Tuesday, September 4, 2007

Managing undo retention in Oracle 10g

Managing undo retention in Oracle 10g

Learning objective

After completing this topic, you should be able to recognize how to estimate required tablespace size and resize a tablespace in a given scenario.

1. Configuring and guaranteeing retention

Undo retention involves setting the amount of time that undo information is maintained – after this time has elapsed, the information can be overwritten.

In the context of the undo retention time, there are three undo data categories.

Uncommitted undo data supports a transaction that is currently in progress. It enables you to roll back the transaction, or to recover if the transaction fails. Uncommitted undo data can never be overwritten.

Data not required in order to roll back a running transaction, but which is needed in order to adhere to the undo retention time, is known as committed or unexpired undo data.

And undo data no longer needed to support a running transaction, which can be overwritten by new undo data, is known as expired undo data.

When automatic undo management is enabled, the system tries to retain undo data until it has expired.

Even with unexpired data, the undo retention time is not applied in all cases - when undo storage space is required by an active transaction that would otherwise fail, unexpired undo data can be overwritten.

In fact, this is Oracle10 g's default behavior.

With automatic retention tuning enabled, the system retains as much undo data as is required by the longest-running query.

When there is not enough space in the undo tablespace for the required undo data, the system retains as much undo data as possible. Generally, it does so without extending the undo storage space.

But when the amount of undo data supports less than 900 seconds of activity, it begins to add extra extents to the undo datafile.

Oracle recommends that you configure undo tablespace datafiles not to extend automatically. This prevents the possibility of a single user consuming excessive amounts of space by failing to commit transactions.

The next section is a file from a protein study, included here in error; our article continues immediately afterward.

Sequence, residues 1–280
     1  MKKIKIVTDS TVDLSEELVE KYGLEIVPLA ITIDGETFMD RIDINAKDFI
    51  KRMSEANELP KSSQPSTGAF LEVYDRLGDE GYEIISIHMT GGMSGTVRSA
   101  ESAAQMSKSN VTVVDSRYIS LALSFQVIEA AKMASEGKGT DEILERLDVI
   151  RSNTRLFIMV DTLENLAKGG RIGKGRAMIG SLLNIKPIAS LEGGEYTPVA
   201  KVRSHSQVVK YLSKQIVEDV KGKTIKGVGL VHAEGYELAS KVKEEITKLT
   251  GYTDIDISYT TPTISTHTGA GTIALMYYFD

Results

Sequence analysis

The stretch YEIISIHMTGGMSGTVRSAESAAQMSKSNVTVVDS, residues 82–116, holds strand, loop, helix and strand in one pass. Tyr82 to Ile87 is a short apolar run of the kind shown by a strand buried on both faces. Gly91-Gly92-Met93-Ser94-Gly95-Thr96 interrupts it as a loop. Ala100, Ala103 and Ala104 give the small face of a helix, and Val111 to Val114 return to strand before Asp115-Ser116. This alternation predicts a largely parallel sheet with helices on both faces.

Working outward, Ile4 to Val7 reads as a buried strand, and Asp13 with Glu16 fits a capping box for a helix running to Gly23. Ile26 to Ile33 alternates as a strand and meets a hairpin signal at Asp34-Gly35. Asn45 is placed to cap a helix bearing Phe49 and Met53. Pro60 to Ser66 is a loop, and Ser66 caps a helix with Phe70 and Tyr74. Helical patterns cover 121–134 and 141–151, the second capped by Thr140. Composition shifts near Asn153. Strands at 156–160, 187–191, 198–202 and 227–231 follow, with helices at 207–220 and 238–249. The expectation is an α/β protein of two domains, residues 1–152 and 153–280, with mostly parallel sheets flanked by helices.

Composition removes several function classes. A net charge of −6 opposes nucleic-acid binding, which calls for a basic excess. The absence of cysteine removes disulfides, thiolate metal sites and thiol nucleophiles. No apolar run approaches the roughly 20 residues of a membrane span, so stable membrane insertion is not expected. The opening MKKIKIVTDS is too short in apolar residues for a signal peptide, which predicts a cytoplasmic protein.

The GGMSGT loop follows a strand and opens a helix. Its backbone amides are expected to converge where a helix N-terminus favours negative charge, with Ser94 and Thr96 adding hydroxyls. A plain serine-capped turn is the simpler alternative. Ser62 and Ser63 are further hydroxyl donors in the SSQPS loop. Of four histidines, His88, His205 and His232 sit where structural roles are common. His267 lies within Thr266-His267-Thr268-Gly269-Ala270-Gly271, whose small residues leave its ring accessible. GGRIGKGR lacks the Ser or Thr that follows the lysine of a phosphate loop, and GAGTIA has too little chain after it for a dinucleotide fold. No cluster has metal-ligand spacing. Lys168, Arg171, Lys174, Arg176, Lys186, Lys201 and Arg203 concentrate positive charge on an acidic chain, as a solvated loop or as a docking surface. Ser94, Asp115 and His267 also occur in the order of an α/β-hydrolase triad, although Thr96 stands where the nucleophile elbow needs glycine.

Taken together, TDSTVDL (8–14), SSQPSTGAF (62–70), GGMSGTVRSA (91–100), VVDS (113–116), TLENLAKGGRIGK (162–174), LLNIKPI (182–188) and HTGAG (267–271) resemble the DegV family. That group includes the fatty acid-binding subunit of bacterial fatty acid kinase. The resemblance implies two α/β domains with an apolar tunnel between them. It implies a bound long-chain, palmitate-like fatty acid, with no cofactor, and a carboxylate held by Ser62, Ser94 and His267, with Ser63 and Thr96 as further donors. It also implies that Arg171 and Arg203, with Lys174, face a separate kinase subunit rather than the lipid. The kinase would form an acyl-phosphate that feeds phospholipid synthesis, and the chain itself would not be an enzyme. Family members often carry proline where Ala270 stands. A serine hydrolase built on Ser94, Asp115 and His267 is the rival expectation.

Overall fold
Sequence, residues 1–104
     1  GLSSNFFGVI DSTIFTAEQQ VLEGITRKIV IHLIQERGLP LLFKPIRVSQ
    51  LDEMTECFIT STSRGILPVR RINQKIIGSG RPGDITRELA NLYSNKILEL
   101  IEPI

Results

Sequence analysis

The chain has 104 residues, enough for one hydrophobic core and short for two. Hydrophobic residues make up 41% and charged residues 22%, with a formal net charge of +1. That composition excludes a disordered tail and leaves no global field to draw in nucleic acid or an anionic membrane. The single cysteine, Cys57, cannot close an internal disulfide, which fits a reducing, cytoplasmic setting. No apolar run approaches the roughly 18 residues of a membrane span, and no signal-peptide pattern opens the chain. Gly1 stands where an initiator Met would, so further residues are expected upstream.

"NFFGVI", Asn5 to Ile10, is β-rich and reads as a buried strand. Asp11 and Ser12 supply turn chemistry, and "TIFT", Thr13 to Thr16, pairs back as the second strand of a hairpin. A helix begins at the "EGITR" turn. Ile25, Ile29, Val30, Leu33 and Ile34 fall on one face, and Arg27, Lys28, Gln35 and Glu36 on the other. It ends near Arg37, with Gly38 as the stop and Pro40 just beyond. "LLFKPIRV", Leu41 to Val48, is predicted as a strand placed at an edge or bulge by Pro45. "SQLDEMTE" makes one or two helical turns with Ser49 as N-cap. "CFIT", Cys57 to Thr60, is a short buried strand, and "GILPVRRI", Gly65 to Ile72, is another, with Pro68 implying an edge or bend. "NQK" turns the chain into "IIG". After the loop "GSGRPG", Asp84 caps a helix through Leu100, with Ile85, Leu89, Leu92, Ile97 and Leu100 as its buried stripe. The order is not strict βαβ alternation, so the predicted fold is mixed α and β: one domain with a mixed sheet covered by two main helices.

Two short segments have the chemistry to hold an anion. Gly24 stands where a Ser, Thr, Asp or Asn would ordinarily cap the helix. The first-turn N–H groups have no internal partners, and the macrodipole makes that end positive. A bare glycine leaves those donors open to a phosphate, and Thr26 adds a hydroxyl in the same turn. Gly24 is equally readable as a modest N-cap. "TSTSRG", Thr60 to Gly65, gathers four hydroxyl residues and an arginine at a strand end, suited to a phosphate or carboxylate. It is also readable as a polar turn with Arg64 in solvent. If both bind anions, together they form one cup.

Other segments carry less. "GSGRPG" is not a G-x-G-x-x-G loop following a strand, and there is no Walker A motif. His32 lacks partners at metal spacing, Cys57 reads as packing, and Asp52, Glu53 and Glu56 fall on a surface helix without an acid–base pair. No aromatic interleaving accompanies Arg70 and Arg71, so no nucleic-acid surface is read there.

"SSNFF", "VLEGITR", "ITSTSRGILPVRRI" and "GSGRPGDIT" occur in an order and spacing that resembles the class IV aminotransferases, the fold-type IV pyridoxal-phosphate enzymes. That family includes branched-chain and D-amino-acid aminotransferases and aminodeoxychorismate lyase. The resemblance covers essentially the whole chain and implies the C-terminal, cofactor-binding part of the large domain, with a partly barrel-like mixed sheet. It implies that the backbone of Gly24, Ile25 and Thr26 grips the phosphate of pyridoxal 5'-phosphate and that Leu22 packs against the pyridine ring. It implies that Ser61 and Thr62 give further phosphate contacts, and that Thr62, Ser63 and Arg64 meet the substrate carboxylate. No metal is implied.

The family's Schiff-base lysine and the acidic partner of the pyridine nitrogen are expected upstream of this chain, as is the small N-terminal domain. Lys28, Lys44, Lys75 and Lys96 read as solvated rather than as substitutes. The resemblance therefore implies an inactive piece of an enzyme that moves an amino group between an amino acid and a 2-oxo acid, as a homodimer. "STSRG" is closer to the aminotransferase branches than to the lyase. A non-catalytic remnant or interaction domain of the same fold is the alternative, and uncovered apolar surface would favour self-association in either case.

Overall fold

Rather, you should initially enable automatic extension while determining your undo space requirements, and then size the tablespace according to your observations. When finished, you should disable automatic extension.

You can prevent unexpired undo data from being overwritten by guaranteeing undo data retention. This enforces undo retention settings even when to do so may cause transaction failure.

You guarantee undo data retention by setting the RETENTION GUARANTEE tablespace parameter using a SQL command-line statement.


And to disable the undo retention guarantee, you use the RETENTION NOGUARANTEE tablespace parameter.


Suppose that you want to guarantee undo data retention for the UNDODATA1 undo tablespace.



You complete the necessary command by typing RETENTION GUARANTEE.

You have guaranteed undo data retention.


You want to enforce undo retention settings using iSQL*Plus.

Complete this command to do so.




You set the undo retention time using the UNDO_RETENTION initialization parameter.

To enable automatic retention tuning, you set UNDO_RETENTION to 0 .

You type 0 in the Value field and click Apply.

You have enabled automatic retention tuning.


You want to enable automatic undo retention. For this purpose, you have located the UNDO_RETENTION parameter in the Initialization Parameters page.

How do you apply the setting that does this?


  1. Delete the value in the Value field and click Apply
  2. Type 0 in the Value field and click Apply
  3. Type 900 in the Value field and click Apply


You type 0 in the Value field and click Apply.

2. Calculating undo retention

Undo tablespaces should be of sufficient size to support the required undo information for a desired retention period.

Suppose you want to estimate the required size of an undo tablespace. You can do this using the Undo Advisor.

You begin by logging onto Enterprise Manager and opening the Administration tabbed page.

Then you click the Undo Management link.

An overview of system undo settings displays. These settings include current undo consumption per minute, as well as the length of the longest-running query during a specified length of time.

The Undo Management page also provides access to the Undo Advisor.

You click the Undo Advisor button.

The Undo Advisor page displays.

It enables you to specify an undo retention time and analysis time period.

It provides recommended values you can use to configure the undo tablespace.

And it displays a graph that enables you to make a visual determination of your undo space needs.